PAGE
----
Your income, credit history, the size of your down payment, and your employment and residence history are all factors in how much you can borrow. Depending on circumstances, the amount you can borrow may exceed the amount you can comfortably afford - so it pays to borrow cautiously.
Some costs associated with buying a home show up before you start making regular mortgage payments. These include:
Application fees include "origination" (or "service") fees, which can be flat fees, or can range from 1 to 2% of total purchase price. There are also appraisal, underwriting and credit reporting fees. These can sometimes be worked into the closing costs.
This is an initial deposit to be paid to the seller if your offer is accepted, to put weight behind your intention to buy. If yours is among multiple bids on a home, the earnest money you put down (also known as a "good faith deposit") may influence the seller's decision-making in your favor.
Final closing costs typically range from 2% to 4% of the total loan amount. Sometimes closing costs can be rolled into the mortgage loan amount, which means you can pay them off as you pay down your mortgage. Closing costs can include:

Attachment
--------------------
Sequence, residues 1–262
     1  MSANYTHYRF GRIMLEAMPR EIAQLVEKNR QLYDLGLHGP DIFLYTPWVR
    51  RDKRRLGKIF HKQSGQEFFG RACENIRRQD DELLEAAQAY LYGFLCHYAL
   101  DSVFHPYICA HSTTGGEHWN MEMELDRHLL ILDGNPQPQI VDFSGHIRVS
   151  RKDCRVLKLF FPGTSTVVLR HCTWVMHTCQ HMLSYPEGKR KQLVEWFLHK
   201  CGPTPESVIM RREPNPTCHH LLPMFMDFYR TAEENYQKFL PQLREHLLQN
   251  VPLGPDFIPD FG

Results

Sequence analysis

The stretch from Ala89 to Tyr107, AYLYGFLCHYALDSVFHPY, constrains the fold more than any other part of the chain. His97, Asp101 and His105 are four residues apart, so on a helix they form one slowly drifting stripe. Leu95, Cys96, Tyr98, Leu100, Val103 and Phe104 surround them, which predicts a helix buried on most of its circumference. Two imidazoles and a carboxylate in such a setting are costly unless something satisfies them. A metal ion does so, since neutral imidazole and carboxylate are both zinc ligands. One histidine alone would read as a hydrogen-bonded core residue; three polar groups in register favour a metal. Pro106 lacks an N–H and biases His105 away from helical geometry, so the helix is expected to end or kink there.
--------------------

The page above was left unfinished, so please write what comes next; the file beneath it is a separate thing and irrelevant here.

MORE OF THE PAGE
Don't be intimidated by the list of closing costs. They are all paid at once and many can be estimated by the lender up front.
Owning a home requires financial commitment beyond your monthly mortgage payment, including:
Make sure you're taking all these costs into account when asking yourself, "How much home can I afford?" It's important to be informed on all the costs involved and how much you can afford prior to committing to a home mortgage.
If you're still saving for your first home, here are some additional tips that can help.
Building sound finances and a rock-solid credit rating before you buy will help you afford more home. It can also help you compete better in the market for the house you want, make it easier to handle the up-front costs of buying a home, and make home ownership more fun and easier to manage.
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